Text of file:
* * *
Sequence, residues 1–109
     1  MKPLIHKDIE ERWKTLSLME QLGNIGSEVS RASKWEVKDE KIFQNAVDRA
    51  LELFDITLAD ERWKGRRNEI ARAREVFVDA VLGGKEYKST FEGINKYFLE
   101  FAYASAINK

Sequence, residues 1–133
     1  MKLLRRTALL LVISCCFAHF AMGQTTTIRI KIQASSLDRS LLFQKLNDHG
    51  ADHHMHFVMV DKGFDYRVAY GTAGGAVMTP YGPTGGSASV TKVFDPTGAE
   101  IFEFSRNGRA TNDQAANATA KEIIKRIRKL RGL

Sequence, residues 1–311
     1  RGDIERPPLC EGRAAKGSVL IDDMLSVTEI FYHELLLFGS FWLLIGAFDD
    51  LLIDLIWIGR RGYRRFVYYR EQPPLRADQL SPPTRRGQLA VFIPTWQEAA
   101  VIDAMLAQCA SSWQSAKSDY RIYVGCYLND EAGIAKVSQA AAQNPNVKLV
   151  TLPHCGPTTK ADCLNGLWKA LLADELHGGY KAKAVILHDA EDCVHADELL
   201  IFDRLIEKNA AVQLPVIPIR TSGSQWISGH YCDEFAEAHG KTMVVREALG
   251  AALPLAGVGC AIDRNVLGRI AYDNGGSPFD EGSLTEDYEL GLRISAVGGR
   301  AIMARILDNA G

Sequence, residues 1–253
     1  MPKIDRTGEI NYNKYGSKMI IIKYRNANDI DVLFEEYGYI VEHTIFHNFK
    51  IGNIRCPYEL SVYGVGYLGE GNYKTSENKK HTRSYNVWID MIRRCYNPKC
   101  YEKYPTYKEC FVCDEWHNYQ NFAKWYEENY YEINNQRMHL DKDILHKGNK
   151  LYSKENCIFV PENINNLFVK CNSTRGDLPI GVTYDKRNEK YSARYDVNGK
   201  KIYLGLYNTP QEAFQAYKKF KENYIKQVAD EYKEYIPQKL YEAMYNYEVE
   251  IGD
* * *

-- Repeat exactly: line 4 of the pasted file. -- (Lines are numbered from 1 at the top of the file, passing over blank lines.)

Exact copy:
   101  FAYASAINK